Proper accountability is desperately needed to prevent a recurrence of the Ashley Smith tragedy, a lawyer for a women's prisoner advocacy group told jurors.
In closing submissions, Breese Davies said it would be useless to simply recommend a culture shift at Correctional Service Canada.
"This inquest has taught us the risks of allowing CSC to continue to operate under a cloud of secrecy," Davies said.
"They have lost their moral compass. The cloud of secrecy has to be lifted."
Speaking for the Canadian Association of Elizabeth Fry Societies, Davies said prison authorities need to focus less on security and more on therapy when it comes to mentally ill and chronically self-harming women.
Davies, who joined with Smith's family in urging jurors to return a verdict of homicide in the teen's choking death, said CSC has done little to deal with the issues that led to the tragedy.
"CSC cannot be trusted to fix the problems," she said.
The deeply troubled Smith, 19, strangled herself in her segregation cell in Kitchener, Ont., on Oct. 19, 2007, as guards delayed going in to try to save her.
Davies opposed a finding of suicide or accidental death given evidence the warden had ordered underlings to stay out of Smith's cell as long as the inmate was still breathing.
"The order was a well researched, meticulously-crafted policy that we now know was a major factor in Ashley's death," Davies said.
"It was extreme hesitation that caused her death that day."
An inquest homicide verdict is a neutral finding that does not involve liability or blame but indicates only that a person contributed to the death of another.
But John McNair, speaking for a psychiatric hospital in St. Thomas, Ont., where Smith spent some time, rejected a homicide verdict.
Smith brought a "terrible compulsion" to self-harm with her into the federal prison system and repeatedly played a game of "Russian roulette" she knew was potentially lethal, McNair said.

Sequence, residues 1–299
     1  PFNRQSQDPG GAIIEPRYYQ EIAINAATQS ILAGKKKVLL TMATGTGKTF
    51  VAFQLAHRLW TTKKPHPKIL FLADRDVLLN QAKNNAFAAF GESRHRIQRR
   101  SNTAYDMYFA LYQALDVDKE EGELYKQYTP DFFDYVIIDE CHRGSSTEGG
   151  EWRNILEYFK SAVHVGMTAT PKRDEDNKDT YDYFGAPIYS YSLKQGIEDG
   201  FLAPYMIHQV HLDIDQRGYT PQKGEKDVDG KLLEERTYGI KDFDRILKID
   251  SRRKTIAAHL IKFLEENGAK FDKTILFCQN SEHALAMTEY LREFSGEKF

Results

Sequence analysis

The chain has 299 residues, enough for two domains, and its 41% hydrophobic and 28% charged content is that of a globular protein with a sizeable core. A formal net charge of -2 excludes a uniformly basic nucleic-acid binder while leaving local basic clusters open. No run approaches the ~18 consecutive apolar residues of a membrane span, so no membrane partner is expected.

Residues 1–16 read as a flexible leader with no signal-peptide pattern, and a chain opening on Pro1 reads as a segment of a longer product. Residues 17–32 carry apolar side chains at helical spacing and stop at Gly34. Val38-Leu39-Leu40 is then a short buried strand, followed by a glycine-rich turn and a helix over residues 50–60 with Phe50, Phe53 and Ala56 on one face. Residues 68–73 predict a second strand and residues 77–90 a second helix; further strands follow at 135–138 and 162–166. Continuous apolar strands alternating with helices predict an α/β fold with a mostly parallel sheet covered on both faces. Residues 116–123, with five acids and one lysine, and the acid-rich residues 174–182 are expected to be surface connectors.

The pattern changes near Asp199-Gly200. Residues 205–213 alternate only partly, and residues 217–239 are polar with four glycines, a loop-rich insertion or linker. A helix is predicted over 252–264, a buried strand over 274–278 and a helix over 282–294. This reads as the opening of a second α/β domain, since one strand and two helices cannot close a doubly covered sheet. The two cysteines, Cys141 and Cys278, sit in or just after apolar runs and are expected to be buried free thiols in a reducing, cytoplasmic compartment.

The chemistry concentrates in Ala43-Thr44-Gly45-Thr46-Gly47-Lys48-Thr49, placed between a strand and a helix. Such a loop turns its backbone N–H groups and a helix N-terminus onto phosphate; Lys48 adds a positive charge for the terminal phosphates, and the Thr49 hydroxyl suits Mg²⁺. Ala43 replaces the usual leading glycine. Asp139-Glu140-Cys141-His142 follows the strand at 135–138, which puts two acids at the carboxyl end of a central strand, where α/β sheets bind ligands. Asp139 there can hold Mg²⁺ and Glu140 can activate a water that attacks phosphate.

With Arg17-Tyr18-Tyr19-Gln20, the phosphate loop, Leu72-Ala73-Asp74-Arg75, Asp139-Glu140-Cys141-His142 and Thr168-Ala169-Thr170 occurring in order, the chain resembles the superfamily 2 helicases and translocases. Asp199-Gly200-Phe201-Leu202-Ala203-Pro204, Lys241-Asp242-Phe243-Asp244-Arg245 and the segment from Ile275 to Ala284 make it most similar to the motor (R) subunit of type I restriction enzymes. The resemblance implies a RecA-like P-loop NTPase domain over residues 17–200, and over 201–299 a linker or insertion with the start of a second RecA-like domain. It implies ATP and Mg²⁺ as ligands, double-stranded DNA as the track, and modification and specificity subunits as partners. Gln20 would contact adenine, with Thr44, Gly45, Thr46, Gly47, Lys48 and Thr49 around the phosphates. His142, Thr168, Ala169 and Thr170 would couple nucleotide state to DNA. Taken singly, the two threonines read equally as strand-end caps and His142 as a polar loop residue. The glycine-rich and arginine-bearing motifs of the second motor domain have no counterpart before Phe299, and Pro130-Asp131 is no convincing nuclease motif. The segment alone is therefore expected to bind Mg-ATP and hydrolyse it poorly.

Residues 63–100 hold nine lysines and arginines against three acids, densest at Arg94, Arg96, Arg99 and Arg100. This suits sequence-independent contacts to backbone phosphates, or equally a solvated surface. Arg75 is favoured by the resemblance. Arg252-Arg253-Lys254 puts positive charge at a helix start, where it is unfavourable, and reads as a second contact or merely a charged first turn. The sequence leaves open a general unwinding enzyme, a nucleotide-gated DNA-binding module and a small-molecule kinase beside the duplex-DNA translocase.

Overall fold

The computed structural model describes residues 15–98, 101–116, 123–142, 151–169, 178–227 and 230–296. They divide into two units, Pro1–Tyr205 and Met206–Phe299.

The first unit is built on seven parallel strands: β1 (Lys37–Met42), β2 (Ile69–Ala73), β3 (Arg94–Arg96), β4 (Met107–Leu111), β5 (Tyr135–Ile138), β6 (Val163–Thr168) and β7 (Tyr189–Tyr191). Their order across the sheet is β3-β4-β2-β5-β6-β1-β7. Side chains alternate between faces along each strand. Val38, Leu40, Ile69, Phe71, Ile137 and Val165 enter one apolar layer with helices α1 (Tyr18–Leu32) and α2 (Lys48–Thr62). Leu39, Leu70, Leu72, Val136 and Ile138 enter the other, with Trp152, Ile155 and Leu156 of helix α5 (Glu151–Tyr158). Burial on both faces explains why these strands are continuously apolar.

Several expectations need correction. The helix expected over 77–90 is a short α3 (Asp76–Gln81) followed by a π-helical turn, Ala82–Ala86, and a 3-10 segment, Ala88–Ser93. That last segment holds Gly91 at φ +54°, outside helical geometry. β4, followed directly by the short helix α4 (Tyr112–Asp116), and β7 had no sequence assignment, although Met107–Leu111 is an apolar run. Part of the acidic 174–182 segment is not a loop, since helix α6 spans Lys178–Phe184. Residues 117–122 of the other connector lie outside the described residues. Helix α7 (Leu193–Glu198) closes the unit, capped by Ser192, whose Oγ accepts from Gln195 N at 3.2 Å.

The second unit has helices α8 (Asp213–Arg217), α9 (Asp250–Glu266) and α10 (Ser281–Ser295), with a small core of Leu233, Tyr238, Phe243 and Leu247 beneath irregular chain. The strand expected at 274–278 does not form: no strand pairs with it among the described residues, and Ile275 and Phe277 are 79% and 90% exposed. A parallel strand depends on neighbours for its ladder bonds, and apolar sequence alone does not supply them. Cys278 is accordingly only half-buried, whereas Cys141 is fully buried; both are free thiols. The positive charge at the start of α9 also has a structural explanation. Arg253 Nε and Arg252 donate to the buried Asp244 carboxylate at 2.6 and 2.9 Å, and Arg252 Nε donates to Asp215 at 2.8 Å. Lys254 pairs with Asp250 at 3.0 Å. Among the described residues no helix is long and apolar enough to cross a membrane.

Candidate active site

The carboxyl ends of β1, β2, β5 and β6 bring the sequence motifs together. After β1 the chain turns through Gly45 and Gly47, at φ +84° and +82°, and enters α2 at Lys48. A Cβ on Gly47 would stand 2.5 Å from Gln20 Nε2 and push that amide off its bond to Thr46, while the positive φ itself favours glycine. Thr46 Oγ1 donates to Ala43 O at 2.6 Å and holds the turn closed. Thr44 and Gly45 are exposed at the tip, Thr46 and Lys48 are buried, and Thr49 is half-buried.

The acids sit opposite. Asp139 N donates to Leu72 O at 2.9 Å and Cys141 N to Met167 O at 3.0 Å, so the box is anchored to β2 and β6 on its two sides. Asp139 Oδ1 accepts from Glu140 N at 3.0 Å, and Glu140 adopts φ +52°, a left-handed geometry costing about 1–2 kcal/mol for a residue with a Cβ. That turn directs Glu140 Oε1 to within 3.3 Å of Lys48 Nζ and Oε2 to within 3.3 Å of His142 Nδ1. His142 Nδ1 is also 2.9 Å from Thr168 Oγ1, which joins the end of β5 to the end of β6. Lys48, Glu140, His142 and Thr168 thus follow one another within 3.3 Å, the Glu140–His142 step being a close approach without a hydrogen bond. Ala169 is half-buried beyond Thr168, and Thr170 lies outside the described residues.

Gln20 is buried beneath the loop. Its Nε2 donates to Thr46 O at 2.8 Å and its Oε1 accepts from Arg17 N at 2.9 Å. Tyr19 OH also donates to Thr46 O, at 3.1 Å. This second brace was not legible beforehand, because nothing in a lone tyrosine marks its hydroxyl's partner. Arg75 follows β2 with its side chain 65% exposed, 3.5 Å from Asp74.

"CSC failed to prevent Ashley's death, but didn't cause it," McNair said. "It was Ashley's acts...that caused her death."
McNair also urged jurors to reject suggestions that regular psychiatric hospitals are the solution for such cases.
Smith needed intensive one-on-one therapy over a long period in a specialized therapeutic facility such as the CSC-run Regional Psychiatric Centre in Saskatoon, McNair suggested.
"You should not let CSC off the hook," he said. "You shouldn't let CSC shift that level of responsibility to another level of government."
In submissions for Ontario's child and youth advocate, lawyer Richard Macklin urged a more therapeutic approach to "emerging adults" who find themselves in adult prisons.
That means offering specialized treatment by correctional staff experienced and knowledgeable in dealing with prisoners 18 to 21 years old, said Macklin, who backed a homicide verdict.
Immaturity leads to an inability to cope, leads to acting out, which in turn prompts a heavy-handed security response, creating a vicious cycle, jurors heard.
"Ashley Smith was a child," Macklin said. "It was the security focus that led to her undoing."
As her mother Coralee Smith smiled broadly, Macklin replayed a video clip of a chatty, smiley Smith on a transport plane bantering happily with guards about going shopping.
"That was the best thing yet," Smith said afterward.
The inquest has heard that about 20 high-needs women with issues similar to Smith, who repeatedly tied cloth strips around her neck, are in Canadian prisons poorly equipped to deal with them.
Self-harm has to be seen as a medical issue, not a security issue, Davies said.
Smith, whose index offence was throwing crab apples at a postal worker, was kept in segregation, restrained or injected with drugs against her will, and repeatedly shunted from prison to prison because she was too difficult to handle.
"Forced compliance was exactly the opposite of what Ashley needed," Davies said.
Davies called for independent oversight of the use of restraints and a ban on segregation for the mentally ill.
"If it's not an option, then other forms of intervention will be found," she said.
To ensure jury suggestions aren't ignored, Davies urged jurors to include public, ongoing oversight of their recommendations along with an independent five- and 10-year audit.
"This way, the cloud of secrecy can't persist, or return."
Submissions continue Wednesday. Corrections is expected to make its submissions on Thursday.